As far as is concerned, the relevant provisions related to the issue of “Kompetenz-Kompetenz" can be found in the 1996 English Arbitration Act, Sec. 30 and 32.

Sec. 30 states as follow: “Competence of tribunal to rule on its own jurisdiction. Unless otherwise agreed by the parties, the arbitral tribunal may rule on its own substantive jurisdiction, that is, as to (a) whether there is a valid arbitration agreement, (b) whether the tribunal is properly constituted, and (c) what matters have been submitted to arbitration in accordance with the arbitration agreement. Any such ruling may be challenged by any available arbitral process of appeal or review or in accordance with the provisions of this Part" whereas Sec. 32 states that “the arbitral tribunal may continue the arbitral proceedings and make an award while an application to the court [...] is pending".

However, even if these provisions allow the courts to rule on the arbitrators’ jurisdiction while the decision of the arbitral tribunal is still pending, it is worth noticing that there are several limitations on this power, [39] and thus its practical application is restricted [40] .

3.1.2. The U.S. Approach

Whereas the English and French approaches are quite straightforward in recognizing the rule of “Kompetenz-Kompetenz", at both the legislative and judicial levels, the U.S. have been more reluctant in the acknowledgment of this rule; there is no mention of it in the Federal Arbitration Act and the relevant American case law appears to limit its application [41] .

The landmark decision on this topic is represented by the 1995 case First Option v Kaplan [42] . The Supreme Court held that the decision related to the arbitrability (in this case linked to the scope ratione personae of the arbitration agreement) represents an issue that has to be decided in courts “unless the parties clearly and unmistakably provide otherwise". The so-called arbitrability dicta in First Option v Kaplan, however, proves troublesome, since it could be interpreted either in a restrictive way or in an excessively broad one. In fact, the Supreme Court held that: “Did the parties agree to submit the arbitrability question itself to arbitration? If so, then the court's standard for reviewing the arbitrator's decision about that matter should not differ from the standard courts apply when they review any other matter that parties have agreed to arbitrate". As was noted, after this decision, it could be more problematic for judges to determine not only if the arbitrators exceeded their jurisdiction, but even if their decision on their own jurisdiction should be reviewed by a court [43] .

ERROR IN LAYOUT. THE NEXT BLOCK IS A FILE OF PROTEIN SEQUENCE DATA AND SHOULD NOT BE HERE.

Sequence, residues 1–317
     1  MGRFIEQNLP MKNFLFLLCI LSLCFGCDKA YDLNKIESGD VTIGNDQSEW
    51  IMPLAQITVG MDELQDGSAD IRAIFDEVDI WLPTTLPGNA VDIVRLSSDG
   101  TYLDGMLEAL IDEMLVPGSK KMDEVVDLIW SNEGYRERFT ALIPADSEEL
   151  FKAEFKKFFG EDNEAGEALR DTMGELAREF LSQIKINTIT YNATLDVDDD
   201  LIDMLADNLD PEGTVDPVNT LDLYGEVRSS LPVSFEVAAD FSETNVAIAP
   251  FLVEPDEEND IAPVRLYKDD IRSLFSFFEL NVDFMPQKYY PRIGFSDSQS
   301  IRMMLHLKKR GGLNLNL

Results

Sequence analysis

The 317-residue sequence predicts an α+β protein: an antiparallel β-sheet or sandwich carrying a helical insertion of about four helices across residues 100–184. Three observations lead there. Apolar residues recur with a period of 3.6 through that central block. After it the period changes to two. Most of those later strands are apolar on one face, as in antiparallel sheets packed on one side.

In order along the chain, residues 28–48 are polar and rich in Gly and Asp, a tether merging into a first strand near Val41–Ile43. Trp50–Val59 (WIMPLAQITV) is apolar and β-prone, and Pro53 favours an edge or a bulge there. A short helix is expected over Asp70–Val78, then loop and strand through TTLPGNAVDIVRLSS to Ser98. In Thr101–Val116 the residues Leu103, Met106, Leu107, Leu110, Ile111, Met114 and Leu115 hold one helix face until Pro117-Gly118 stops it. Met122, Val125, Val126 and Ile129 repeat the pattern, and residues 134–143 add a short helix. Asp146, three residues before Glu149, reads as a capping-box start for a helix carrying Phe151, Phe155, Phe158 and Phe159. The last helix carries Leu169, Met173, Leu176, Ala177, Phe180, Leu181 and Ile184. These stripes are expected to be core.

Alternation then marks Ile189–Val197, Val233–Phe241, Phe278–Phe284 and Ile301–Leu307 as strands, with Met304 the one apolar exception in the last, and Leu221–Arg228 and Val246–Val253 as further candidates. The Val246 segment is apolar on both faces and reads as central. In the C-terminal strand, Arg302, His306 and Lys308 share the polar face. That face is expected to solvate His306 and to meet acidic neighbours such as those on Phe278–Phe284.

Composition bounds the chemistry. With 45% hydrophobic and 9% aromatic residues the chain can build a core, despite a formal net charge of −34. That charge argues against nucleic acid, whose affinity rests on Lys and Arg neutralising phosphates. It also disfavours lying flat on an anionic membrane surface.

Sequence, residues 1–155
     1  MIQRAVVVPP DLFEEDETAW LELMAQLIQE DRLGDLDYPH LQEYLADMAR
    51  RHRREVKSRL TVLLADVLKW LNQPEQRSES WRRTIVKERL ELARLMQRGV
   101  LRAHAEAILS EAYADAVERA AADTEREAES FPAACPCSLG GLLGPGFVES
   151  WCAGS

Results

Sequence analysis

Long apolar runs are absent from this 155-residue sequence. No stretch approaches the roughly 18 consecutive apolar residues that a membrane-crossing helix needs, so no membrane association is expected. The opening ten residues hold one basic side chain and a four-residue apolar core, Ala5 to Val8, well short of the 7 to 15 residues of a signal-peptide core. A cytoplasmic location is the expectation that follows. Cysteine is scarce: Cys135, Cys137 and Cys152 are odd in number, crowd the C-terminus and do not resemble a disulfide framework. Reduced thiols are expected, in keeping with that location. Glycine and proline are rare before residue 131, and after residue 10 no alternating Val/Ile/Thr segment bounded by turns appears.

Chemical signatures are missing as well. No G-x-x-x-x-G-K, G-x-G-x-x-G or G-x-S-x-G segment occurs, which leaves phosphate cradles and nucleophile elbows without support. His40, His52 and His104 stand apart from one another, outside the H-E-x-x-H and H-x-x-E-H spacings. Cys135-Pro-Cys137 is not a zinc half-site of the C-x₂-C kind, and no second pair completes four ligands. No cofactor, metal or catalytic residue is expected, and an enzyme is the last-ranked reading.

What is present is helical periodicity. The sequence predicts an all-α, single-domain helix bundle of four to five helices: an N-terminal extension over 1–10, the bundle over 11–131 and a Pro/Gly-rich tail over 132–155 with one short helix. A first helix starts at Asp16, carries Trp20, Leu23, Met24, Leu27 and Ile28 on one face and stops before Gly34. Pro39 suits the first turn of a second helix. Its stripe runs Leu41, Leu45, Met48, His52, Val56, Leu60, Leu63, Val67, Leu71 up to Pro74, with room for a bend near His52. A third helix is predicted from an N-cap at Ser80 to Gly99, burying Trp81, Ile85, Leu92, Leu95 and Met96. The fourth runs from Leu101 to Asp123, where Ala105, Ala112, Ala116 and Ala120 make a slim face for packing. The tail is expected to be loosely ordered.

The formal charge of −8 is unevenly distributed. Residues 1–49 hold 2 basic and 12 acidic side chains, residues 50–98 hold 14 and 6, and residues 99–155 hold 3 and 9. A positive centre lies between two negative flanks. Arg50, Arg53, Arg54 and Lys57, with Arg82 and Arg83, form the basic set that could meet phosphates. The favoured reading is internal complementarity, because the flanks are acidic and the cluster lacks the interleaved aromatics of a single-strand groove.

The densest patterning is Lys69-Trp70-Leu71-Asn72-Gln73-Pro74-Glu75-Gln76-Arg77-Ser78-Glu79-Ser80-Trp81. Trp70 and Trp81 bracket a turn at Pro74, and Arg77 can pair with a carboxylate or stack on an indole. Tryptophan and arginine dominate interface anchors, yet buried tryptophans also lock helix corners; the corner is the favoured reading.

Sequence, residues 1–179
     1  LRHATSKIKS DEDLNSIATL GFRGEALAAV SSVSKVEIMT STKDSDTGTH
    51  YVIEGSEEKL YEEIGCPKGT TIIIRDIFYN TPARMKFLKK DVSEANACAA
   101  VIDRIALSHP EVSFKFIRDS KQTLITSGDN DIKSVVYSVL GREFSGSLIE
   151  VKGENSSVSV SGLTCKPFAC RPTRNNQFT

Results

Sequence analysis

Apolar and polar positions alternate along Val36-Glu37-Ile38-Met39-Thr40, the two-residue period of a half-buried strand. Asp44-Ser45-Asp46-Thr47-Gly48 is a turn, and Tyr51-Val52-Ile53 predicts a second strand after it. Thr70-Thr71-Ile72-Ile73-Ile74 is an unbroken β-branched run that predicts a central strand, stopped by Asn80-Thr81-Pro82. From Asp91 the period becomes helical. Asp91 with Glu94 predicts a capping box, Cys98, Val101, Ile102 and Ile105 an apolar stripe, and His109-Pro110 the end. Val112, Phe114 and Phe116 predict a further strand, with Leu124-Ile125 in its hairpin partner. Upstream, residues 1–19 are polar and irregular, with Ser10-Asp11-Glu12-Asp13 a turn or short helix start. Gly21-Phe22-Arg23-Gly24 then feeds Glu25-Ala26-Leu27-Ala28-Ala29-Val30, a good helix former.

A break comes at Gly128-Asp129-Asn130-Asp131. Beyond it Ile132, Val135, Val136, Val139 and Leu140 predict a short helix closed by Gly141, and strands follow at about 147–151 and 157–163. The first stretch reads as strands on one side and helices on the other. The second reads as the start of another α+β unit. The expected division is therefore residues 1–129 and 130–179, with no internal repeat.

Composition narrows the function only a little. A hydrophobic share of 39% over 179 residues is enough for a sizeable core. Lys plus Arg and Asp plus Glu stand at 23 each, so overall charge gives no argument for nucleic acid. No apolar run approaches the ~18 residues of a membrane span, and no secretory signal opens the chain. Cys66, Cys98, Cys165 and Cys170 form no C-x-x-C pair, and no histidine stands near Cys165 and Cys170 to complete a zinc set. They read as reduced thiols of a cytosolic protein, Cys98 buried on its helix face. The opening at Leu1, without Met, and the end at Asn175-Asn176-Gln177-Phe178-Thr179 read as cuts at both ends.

3.1.3. The French approach

The French approach to the question of who should rule on the arbitral tribunal’s jurisdiction, and when they should do so, is considered to be the most straightforward in the application of the “rule of chronological priority" [44] .

In 1957, the Court of Appeal of Paris held that “when the parties attributed the competence to the arbitrators alone to decide on the validity of the arbitration clause [...] such an attribution, which is not contrary to any principle of the ordre public, takes the place of the law for the parties [...] and cannot be derogated from [...] were the rule otherwise, a party in bad faith to the arbitration could paralyze the proceeding" [45] . This decision shows that, for a long time, French approach has been favourable to the recognition of the principle of separability of the arbitration clause.

At the legislative level, the “Kompetenz-Kompetenz" rule is codified in art. 1458 and 1466 [46] of the French Code of Civil Procedure. These articles provide for an intervention of the Court only when the arbitration agreement is manifestly void, but it is worth mentioning that the review of the court at this stage appears to be limited to a prima facie test [47] .